Involuntary Conversion

Definition of 'Involuntary Conversion'


A process where a taxpayer is involuntarily forced to dispose of property that has been stolen, condemned, destroyed or repossessed, and another piece of property or cash is received in lieu of the property. Involuntary conversion can result in a possible gain or loss to the taxpayer, as long as the property was not the taxpayer's main home.

No loss can be deducted if the involuntary conversion is a result of casualty or theft.

Investopedia explains 'Involuntary Conversion'


If the taxpayer receives insurance or other remuneration for lost property that is worth more than the property's adjusted basis (and is not the taxpayers main home), then the difference between the two amounts must be reported as a capital gain. This gain may be deferred if the taxpayer elects to use the proceeds to acquire replacement property that is worth at least as much as the property that was lost.



comments powered by Disqus
Hot Definitions
  1. Maintenance Margin

    The minimum amount of equity that must be maintained in a margin account. In the context of the NYSE and FINRA, after an investor has bought securities on margin, the minimum required level of margin is 25% of the total market value of the securities in the margin account.
  2. Leased Bank Guarantee

    A bank guarantee that is leased to a third party for a specific fee. The issuing bank will conduct due diligence on the creditworthiness of the customer looking to secure a bank guarantee, then lease a guarantee to that customer for a set amount of money and over a set period of time, typically less than two years.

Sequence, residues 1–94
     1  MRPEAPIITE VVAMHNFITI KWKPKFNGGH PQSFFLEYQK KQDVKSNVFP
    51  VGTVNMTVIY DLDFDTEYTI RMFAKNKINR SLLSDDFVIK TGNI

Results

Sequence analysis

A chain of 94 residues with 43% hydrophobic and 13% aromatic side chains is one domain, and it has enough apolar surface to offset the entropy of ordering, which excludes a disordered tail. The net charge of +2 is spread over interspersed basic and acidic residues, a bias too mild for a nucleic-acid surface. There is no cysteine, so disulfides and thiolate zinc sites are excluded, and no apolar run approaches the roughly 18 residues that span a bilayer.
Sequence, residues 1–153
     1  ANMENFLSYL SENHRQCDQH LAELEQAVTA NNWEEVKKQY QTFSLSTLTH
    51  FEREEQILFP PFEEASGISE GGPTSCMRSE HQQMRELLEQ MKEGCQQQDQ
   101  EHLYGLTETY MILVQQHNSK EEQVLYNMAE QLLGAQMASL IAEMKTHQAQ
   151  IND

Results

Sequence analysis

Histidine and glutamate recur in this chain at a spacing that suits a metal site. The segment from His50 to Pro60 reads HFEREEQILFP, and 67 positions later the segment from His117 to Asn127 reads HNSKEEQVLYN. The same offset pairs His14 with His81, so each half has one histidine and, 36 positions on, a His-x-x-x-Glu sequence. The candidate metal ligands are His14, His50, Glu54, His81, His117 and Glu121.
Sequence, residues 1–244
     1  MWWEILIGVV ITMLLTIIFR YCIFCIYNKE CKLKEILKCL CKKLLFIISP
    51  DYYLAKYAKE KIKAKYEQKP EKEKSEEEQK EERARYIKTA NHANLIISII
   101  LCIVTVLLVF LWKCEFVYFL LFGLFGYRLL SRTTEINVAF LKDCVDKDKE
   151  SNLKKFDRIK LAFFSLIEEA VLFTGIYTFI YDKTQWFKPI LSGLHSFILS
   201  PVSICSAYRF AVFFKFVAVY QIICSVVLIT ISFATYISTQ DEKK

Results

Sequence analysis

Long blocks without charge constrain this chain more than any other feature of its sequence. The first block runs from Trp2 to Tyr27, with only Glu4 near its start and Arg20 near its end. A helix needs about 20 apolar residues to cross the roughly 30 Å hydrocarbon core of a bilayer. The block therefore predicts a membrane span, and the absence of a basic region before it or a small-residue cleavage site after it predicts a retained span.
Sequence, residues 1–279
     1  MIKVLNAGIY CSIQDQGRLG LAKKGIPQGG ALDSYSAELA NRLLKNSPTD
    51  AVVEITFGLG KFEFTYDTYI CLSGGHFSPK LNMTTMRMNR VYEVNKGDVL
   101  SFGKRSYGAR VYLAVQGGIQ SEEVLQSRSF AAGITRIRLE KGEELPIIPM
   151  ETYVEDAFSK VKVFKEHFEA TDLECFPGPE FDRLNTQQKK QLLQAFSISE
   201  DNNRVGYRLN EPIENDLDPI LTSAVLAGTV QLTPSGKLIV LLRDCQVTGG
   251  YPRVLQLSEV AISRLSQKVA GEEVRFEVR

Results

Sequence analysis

3. Degree Of Financial Leverage - DFL

    A ratio that measures the sensitivity of a company’s earnings per share (EPS) to fluctuations in its operating income, as a result of changes in its capital structure. Degree of Financial Leverage (DFL) measures the percentage change in EPS for a unit change in earnings before interest and taxes (EBIT).
  4. Jeff Bezos

    Self-made billionaire Jeff Bezos is famous for founding online retail giant Amazon.com.
  5. Re-fracking

    Re-fracking is the practice of returning to older wells that had been fracked in the recent past to capitalize on newer, more effective extraction technology. Re-fracking can be effective on especially tight oil deposits – where the shale products low yields – to extend their productivity.
  6. TIMP (acronym)

    'TIMP' is an acronym that stands for 'Turkey, Indonesia, Mexico and Philippines.' Similar to BRIC (Brazil, Russia, India and China), the acronym was coined by and investor/economist to group fast-growing emerging market economies in similar states of economic development.
Trading Center